Croatian Tourist Industry Still Facing Labour Shortage

Total Croatia News

How to solve the problem of shortage of workers in the tourism sector?

The deficit of workers in tourism, but also in other industries, is a challenge Croatia has been facing in recent years, especially since joining the European Union when a large number of people went to work in other EU countries, reports Novi List on 30 July 2017.

The Croatian tourism industry employs, directly or indirectly, about 150,000 people, but currently there is a shortage of labour, says Minister of Tourism Gari Cappelli. Trade unions claim that Croatia’s tourism sector needs at least 3,000 more workers. The problem has particularly escalated during this tourist season. Ads and social networks are full of tourism employers desperately seeking chefs, waiters and support staff. All this has given rise to a new business activity – agencies for employment in the tourism sector, which help employers find workers.

Many potential workers have left Croatia in search for better wages and better working conditions, while other have stayed in Croatia, but are not satisfied with wages. On the other hand, trade unions also warn about poor work conditions for employees in tourism in Croatia.

According to the data of the Croatian Employment Service, at the moment there are about 1,200 unemployed persons available for seasonal jobs, and there are also almost 800 students who have just finished high school in tourism professions.

“This problem demands a comprehensive, systemic and long-term solution. This is a matter of responsibility of the whole system. It is important to point out that the labour issue in tourism is not a problem facing only Croatia, but a chronic problem of many countries in the wider region – Hungary, Austria, Germany, and many others. Also, Croatian tourism is growing exponentially, and that growth is accompanied by additional labour needs. There are investments planned for this year worth more than 800 million euros, and there are more than 40 hotels in final phases of construction. We need more maids, cleaners, waiters and chefs, but also more tourism managers,” says Minister Cappelli.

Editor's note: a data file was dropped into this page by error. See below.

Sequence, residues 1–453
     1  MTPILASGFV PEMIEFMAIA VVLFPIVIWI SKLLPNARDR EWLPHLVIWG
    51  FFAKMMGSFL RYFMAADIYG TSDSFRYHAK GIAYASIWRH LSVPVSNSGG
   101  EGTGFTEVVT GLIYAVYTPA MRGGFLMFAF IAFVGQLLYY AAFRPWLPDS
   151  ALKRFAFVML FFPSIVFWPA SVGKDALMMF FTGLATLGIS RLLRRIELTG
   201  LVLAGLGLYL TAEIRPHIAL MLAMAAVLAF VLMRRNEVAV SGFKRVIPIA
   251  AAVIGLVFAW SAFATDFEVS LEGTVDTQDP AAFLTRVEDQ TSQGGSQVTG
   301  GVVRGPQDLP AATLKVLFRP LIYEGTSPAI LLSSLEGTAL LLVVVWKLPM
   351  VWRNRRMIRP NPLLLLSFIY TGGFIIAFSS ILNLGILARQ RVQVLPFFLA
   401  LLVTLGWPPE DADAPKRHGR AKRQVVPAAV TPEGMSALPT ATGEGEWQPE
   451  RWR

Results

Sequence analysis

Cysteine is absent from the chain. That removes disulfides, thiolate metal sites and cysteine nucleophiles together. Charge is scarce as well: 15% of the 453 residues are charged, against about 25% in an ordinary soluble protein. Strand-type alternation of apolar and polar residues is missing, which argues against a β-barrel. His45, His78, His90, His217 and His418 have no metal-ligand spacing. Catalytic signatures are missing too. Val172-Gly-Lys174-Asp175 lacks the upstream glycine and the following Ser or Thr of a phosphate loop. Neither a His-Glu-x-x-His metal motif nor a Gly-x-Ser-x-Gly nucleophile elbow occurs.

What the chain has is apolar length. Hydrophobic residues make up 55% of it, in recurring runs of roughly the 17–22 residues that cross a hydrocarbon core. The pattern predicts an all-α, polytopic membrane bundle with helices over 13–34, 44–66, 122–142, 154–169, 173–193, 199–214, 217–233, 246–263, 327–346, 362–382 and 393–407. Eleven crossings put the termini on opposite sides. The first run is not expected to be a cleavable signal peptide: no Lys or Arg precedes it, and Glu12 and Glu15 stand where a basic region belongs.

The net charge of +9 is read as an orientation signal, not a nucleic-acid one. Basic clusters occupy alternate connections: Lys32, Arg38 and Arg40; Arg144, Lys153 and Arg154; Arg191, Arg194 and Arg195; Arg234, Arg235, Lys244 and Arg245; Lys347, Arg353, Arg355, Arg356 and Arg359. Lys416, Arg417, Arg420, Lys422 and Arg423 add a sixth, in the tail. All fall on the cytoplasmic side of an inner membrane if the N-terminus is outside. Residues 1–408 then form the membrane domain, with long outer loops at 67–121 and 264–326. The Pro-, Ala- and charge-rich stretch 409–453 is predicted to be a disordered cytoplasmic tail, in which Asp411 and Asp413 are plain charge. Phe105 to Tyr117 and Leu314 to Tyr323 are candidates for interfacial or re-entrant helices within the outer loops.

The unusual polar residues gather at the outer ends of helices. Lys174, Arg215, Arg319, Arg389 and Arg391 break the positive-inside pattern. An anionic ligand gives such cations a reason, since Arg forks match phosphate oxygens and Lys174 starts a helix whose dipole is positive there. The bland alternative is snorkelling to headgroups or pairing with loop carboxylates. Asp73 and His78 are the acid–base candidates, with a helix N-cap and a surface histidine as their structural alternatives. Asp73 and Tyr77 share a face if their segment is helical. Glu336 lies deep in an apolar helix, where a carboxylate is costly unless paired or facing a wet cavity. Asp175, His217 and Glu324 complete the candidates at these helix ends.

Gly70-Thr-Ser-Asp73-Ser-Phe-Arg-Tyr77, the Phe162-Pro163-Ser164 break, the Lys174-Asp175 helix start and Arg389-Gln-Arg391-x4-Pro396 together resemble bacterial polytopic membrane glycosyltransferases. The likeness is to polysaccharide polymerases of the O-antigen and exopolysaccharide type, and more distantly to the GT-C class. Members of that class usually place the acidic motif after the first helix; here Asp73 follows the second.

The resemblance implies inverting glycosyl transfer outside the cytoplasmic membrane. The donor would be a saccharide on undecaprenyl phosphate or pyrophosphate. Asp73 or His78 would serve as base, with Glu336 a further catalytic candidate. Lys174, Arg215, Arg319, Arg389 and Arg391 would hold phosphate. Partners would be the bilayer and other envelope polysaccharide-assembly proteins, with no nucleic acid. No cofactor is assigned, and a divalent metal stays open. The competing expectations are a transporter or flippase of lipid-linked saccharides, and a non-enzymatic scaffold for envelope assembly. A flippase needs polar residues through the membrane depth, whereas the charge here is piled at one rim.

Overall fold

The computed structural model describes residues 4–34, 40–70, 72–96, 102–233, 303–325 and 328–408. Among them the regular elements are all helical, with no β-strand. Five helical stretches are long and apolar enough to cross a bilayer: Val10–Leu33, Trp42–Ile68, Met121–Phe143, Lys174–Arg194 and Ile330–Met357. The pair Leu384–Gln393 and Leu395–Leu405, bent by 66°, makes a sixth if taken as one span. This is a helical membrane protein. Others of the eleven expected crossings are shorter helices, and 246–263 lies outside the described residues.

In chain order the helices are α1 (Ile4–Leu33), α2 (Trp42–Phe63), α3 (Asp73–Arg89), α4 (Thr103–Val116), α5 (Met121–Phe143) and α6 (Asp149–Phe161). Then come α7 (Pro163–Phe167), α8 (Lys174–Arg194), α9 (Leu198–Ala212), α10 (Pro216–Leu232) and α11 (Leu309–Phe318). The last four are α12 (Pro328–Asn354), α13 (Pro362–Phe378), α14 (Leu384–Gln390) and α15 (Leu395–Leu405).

Dragan Magaš of the Faculty of Tourism and Hospitality Management believes that the shortage of workers has been caused by the liberalisation of movement and high demand for workers. “We have accepted the fact that the hotel industry is a capital intensive activity, but not that it is at the same time a labour intensive activity. How else to explain today’s situation when there are significant investments in the tourism and hotel industry, but there is not enough staff to work there,” says Magaš.

Renata Tomljenović, a senior associate at the Institute for Tourism, says that the labour force is a problem due to insufficient skills and competencies of students who complete three-year and four-year high schools. “Large employers introduce measures to adapt to the given circumstances, for example, through safer forms of employment, better accommodation for workers, improved working conditions and higher salaries, but majority of businesses in the tourism sector are small entrepreneurs, who either lack resources or knowledge or opportunity to adapt in a timely manner,” says Tomljenović.

Translated from Novi List.


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